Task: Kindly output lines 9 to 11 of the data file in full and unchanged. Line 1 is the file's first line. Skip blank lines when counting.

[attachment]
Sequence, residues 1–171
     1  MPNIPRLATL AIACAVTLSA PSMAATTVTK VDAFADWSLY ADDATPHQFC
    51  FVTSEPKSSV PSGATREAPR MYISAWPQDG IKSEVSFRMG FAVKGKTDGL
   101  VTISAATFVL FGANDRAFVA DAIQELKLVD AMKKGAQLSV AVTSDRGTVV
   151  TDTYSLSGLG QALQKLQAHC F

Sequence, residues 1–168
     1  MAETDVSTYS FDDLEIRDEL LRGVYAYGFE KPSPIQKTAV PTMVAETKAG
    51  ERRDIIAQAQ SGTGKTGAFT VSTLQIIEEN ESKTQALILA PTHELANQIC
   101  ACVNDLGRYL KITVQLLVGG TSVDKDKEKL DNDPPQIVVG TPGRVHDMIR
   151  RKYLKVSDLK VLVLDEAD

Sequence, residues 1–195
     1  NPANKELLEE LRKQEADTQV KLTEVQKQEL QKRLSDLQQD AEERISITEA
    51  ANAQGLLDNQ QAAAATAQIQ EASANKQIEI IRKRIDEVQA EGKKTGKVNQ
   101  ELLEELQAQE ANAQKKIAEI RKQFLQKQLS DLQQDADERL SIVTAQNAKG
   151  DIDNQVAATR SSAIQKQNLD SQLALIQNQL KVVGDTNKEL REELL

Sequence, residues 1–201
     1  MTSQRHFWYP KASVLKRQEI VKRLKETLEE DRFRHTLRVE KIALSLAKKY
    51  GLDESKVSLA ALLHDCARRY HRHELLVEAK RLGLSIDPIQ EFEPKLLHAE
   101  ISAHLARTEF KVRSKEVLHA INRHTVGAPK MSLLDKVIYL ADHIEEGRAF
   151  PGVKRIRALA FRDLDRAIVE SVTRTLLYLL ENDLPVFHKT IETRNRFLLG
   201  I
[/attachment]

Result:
   101  ACVNDLGRYL KITVQLLVGG TSVDKDKEKL DNDPPQIVVG TPGRVHDMIR
   151  RKYLKVSDLK VLVLDEAD

Sequence, residues 1–195